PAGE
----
Education and Arts
Madeleine Whitby knows exactly how lucky she is. "Poverty is a game of roulette, and by any other spin of the wheel, I could have been born into a brothel in India, a slum in the Philippines, or a refugee camp in Somalia," the 23-year-old said. "It's all a game of chance. No one deserves to be born into a life of poverty."
After finishing Year 12 Madeleine took a gap year and traveled to Africa. "Before that trip I knew the definition of poverty, but I had never really seen or felt it. I realised just how lucky I am, and also how unfair the global economic system is.
"The fact is I inherited my economic standing. I was born into a middle-class family in a wealthy country with a stable government. I didn't deserve it more than any other child around the world – I was simply lucky.
"I really believe in what Nelson Mandela said: 'Overcoming poverty is not a task of charity; it is an act of justice. Like slavery and apartheid, poverty is not natural. It is man-made and it can be overcome and eradicated by the actions of human beings'."
Madeleine enrolled in ACU's Bachelor of International Development Studies. As part of the degree she completed an immersion experience in East Timor with Palms Australia – an organisation which recruits, prepares, sends and supports skilled volunteers to reduce global poverty.
"Palms is a volunteer sending agency, working in numerous countries, across a number of professions. For example, there are teachers in South Africa, medical officers in Zambia, nurses in Ethiopia and accountants in Timor-Leste," she said.
"They also offer encounter trips, which is what I did. Participants travel around East Timor, visiting Palms volunteers, cultural sites, museums and local development organisations. I was very excited but nervous about the encounter… I have travelled to places similar to Timor before, such as Ghana, Kenya, Indonesia and Thailand, but never to a country with such a recent and raw violent past."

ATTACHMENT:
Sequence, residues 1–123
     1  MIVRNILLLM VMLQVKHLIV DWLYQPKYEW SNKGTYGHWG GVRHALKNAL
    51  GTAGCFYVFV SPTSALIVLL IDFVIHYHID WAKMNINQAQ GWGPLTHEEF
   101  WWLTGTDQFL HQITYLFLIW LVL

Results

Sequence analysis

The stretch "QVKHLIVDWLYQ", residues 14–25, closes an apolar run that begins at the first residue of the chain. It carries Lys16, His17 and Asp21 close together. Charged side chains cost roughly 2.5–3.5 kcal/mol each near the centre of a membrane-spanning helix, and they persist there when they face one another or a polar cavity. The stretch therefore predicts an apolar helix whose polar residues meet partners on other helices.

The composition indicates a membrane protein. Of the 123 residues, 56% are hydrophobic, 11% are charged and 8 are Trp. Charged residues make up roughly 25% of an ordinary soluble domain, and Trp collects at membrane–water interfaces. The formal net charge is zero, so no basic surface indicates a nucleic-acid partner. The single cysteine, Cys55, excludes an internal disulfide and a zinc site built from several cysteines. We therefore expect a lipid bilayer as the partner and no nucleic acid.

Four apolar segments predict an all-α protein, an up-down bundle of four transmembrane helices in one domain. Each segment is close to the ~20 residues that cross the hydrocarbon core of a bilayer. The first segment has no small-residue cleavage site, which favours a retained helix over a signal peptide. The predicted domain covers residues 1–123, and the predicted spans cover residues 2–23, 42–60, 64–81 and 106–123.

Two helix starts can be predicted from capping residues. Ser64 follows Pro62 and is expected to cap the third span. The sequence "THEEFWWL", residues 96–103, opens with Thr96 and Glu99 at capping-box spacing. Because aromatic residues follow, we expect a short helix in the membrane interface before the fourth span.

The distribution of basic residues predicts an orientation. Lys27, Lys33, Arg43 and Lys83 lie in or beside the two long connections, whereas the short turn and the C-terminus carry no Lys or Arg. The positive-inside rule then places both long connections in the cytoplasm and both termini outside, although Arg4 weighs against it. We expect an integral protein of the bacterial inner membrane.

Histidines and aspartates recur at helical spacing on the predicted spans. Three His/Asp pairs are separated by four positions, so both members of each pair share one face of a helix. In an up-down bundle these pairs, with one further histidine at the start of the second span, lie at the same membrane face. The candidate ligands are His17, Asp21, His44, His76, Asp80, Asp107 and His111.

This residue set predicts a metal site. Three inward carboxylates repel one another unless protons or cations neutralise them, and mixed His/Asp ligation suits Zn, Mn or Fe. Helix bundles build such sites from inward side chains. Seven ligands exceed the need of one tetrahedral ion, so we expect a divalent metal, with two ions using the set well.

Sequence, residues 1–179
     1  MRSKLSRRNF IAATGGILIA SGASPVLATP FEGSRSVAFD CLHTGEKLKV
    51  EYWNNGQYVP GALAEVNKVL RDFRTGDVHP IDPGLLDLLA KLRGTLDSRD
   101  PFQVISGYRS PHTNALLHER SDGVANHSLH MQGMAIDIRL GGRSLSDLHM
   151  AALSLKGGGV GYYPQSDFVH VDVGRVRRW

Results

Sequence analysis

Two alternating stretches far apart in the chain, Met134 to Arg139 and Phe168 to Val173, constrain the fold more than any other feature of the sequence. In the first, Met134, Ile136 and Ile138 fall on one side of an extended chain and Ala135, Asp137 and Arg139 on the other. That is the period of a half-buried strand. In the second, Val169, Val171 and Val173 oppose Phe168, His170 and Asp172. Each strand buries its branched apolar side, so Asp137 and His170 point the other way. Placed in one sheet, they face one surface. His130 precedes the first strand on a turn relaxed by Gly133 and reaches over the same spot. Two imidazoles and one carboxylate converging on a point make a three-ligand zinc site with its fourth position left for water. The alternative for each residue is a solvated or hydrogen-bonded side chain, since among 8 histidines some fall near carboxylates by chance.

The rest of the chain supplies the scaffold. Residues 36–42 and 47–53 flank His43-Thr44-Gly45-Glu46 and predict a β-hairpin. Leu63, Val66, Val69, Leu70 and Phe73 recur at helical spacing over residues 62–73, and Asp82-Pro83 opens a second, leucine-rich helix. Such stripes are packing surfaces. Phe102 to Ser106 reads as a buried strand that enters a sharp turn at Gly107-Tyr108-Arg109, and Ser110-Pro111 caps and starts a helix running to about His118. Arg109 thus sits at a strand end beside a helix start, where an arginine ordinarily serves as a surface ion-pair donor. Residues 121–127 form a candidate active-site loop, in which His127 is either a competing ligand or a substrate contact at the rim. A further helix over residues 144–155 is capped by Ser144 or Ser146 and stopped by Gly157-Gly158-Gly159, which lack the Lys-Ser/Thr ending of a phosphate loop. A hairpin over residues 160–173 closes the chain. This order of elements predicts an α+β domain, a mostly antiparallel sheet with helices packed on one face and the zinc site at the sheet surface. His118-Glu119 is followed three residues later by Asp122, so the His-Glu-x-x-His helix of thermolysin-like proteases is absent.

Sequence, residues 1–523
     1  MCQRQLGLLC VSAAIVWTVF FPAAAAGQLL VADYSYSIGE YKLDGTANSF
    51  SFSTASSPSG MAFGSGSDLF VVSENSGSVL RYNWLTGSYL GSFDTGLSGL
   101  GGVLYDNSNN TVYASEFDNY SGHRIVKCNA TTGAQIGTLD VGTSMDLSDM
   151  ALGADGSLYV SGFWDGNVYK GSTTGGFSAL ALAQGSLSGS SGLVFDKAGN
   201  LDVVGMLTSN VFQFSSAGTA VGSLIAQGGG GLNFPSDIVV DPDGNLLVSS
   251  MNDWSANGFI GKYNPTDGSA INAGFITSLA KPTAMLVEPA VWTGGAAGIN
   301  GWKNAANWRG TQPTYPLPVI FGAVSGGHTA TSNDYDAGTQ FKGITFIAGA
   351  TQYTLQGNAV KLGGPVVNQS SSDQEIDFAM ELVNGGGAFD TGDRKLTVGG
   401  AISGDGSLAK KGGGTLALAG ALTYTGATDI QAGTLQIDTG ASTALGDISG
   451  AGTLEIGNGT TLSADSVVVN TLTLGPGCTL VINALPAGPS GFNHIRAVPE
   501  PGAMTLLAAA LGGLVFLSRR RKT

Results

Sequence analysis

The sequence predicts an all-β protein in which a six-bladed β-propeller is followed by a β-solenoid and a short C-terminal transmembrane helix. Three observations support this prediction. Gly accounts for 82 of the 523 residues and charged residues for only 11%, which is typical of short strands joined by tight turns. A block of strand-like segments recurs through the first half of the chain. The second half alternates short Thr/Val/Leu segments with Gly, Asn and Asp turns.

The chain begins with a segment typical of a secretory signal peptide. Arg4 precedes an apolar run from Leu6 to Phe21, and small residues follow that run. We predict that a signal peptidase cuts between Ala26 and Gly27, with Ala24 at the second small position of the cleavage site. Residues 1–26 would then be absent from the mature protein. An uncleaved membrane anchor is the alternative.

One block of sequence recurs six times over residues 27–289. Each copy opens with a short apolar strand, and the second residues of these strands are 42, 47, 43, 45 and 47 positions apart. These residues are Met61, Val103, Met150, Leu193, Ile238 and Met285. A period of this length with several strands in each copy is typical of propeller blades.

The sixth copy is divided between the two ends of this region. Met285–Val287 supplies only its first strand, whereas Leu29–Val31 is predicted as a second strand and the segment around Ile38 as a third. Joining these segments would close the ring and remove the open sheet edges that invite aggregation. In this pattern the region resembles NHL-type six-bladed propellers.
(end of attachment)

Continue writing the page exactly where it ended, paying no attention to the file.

Madeleine spent a month in East Timor and said it was one of the best experiences of her life. "I learnt so much about good and bad development during that month. I also learnt a lot about myself. The main challenge I had was constantly being around people I had never met before. I like my privacy, so spending 24 hours a day with people could be hard.
"The main highlight for me was the two homestays we did – the first in Dili and the second in Atabae. The families were so generous, kind and loving, it was extremely hard to say goodbye, and I shed more than a few tears." Back in Australia, Madeleine applied for an internship with Palms, and got the job.
"I have since been interning in the office for one to three days a week in a variety of areas. I manage the Facebook and Instagram pages, write content for the website and blog posts, and work on the logistics for future encounters," she said.
"It's an amazing place to work. The vibe is always one of positivity, fun and hard work. Everyone in the office is friendly and ready for a laugh, or cake, or an abundance of coffee. I hope to be able to continue volunteering here for many years.
"I really believe in what Palms does." Every volunteer commits to between one and three years in their placement, and they all have qualifications and at least five years' experience in their area. There is also compulsory pre-departure training for all volunteers which covers topics such as living and working cross-culturally, the importance of engaging respectfully with local partners and working in solidarity with all those involved.
"Good development needs local voices. We as outsiders do not know the real needs, desires, issues or problems of a community. Engaging with that community is pivotal in creating just, sustainable development."
This story first appeared in Insight, written by Caitlin Ganter .